Developed almost entirely by a solo developer, DARQ is an unbelievably impressive puzzle game that manages to be equal parts creepy and intelligent. Using perspective to alter the game space, DARQ will have you lost in a Burton-esque nightmare where you’ll have to bend space and defy gravity in order to succeed.
You play as Lloyd, a boy trapped within a lucid dream that seems inescapable. As his dream becomes a nightmare, Lloyd battles with his surroundings one puzzle at a time in an attempt to escape the monstrosities that lurk around.
DARQ is played as a 2D sidescroller, although your perspective will shift during moments of the game that open up new possibilities. In this way the game manages to become more than your simple 2D experience, opening up the possibility for some very clever puzzle design that relies on the shifting of space. Lloyd can walk up walls, forging new paths as he goes. Moments in the game will also allow you to leap onto different realms of 2D space, rotate the space around you or flip your own perspective. It’s a clever way to create more space within a 2D world and overcome some of the limitations of a 2D perspective.
“Pulling a lever and thrusting yourself onto a new 2D plane is met with an audible ‘whoosh’ as Lloyd is launched through space…”
DARQ is certainly not the only game to play with perspective and space in this way, but in my experience it’s the most successful. That’s because, clever puzzle design aside, it’s just so satisfying to witness the shift in properties occurring around you. Pulling a lever and thrusting yourself onto a new 2D plane is met with an audible ‘whoosh’ as Lloyd is launched through space, stumbling to find balance and compensating for his momentum once reaching his new destination. It’s touches like this that make a game like DARQ so impressive and so satisfying to experience.
The visual design is great, with a distinct lack of colour and the creepy-yet-whimsical character design drawing immediate comparisons to Tim Burton. It’s a great visual style for a game that plays with perspective like this, because both elements create a sense of unease and instability. It makes for a suitably atmospheric and creepy experience that the developer is clearly wholeheartedly embracing. I don’t necessarily consider DARQ to be a full horror experience, more just a game relying on creepy thematics, although I’d be lying if I said the game didn’t manage to spook me at moments.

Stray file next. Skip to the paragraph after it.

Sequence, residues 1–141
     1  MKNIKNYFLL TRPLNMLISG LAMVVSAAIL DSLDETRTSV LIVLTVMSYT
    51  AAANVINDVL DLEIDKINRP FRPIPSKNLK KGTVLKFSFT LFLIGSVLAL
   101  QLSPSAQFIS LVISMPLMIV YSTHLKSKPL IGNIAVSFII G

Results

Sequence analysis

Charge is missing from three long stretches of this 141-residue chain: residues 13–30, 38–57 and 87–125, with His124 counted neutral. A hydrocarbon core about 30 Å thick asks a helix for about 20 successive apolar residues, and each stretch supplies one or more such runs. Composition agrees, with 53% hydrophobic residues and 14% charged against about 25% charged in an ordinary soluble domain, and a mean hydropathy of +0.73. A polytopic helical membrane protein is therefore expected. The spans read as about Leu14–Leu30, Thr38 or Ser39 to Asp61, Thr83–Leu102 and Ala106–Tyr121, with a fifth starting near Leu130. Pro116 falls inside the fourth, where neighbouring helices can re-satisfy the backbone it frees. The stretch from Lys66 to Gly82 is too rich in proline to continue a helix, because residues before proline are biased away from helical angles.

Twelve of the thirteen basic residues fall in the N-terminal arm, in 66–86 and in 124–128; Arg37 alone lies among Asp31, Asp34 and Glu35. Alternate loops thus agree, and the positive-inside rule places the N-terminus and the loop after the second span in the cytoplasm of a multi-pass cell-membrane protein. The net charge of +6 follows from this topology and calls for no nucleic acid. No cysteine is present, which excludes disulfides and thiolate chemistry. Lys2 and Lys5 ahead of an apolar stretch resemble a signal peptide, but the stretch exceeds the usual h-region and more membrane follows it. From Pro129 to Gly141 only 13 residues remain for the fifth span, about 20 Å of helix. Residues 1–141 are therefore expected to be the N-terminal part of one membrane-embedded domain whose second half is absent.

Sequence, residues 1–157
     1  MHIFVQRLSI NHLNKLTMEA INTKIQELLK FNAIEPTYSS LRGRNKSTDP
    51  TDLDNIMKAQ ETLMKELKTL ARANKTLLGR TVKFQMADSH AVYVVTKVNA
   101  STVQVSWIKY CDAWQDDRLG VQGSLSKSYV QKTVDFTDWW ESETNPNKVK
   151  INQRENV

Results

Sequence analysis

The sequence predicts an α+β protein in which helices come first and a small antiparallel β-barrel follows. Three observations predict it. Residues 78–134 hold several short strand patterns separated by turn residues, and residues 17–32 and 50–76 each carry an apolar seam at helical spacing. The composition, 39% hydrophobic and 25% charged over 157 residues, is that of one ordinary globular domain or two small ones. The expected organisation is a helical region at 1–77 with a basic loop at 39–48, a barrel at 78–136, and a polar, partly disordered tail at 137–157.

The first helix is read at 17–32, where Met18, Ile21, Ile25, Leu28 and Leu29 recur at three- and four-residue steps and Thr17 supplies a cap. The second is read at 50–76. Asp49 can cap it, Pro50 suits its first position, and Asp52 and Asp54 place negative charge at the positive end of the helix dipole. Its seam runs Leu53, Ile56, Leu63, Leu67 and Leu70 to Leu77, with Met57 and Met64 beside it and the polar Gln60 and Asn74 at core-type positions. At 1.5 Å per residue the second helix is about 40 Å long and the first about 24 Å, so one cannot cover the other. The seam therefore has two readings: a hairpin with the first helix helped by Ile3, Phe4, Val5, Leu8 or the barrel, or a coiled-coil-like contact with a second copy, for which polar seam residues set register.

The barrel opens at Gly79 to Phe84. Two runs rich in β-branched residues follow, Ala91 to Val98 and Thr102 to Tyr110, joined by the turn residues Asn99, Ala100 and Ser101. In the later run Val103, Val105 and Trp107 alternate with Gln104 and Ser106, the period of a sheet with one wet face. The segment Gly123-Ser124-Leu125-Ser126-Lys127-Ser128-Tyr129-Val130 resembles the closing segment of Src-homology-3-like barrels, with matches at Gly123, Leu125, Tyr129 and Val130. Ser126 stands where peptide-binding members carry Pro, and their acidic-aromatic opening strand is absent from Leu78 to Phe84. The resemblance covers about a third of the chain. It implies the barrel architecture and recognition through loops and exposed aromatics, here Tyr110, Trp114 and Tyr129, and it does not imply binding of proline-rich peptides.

The game’s animations were also suitably impressive for such a small development team. Whether it was skittering up a wall or flipping from one perspective to another, DARQ kept its visual standards high.
“because of the game’s perspective shifting elements, even basic progression and item collection can be its own puzzle”
The game is broken into ‘chapters’ that function as bite-sized levels that can be revisited at any time. The 7 chapters of the game will take Lloyd through different dreams where he’ll have new challenges each time. The gameplay primarily consists of progressing through areas, collecting items as you go, and solving the puzzles around you. Whilst that may sound simple, because of the game’s perspective shifting elements, even basic progression and item collection can be its own puzzle. There is definitely an element of point-and-click adventure gaming here when it comes to finding items and using them where they need to be used. Although DARQ never resorts to the frustrating “moon logic” that plagues this genre.
Some of the game’s puzzles are just pure genius. I never felt like anything was overly challenging to solve, but the solution to a problem was always clever and unique. There’s a mixture of standard puzzling here, although it’s intermingled with the kind of brain-teasers that can only be possible in a game like this. Whether it was chasing a surge of electricity across multiple 2D realms or shifting perspective to move an object from your background into your foreground, I was continually impressed.
At under 2 hours of playtime, DARQ is certainly a shorter experience. As a busy adult with much adulting to do, I’ll never criticise a game solely for its length. However, in this case, I was left wanting more. In many ways that’s to the game’s credit, because it managed to create such a captivating experience for the player. Although I can’t shake the feeling that there was more that could have been explored here, more that could have been dreamt up and implemented. I didn’t quite feel done with DARQ and yet the credits were already rolling. Having said that, I can’t deny the fact that DARQ had no filler content. Every moment was a high, and for that I’m not only impressed but appreciative.
The Bottom Line...
DARQ is a standout game for me this year. It’s a small experience but every moment is oozing with charm and intelligence. The combination of creepy aesthetic with clever puzzle design is incredibly impressive and will stay with me for some time to come. If you don’t mind paying for a short game, do yourself a favour and pick this one up. You’ll find yourself enamoured by DARQ’s style and unique take on the puzzle genre.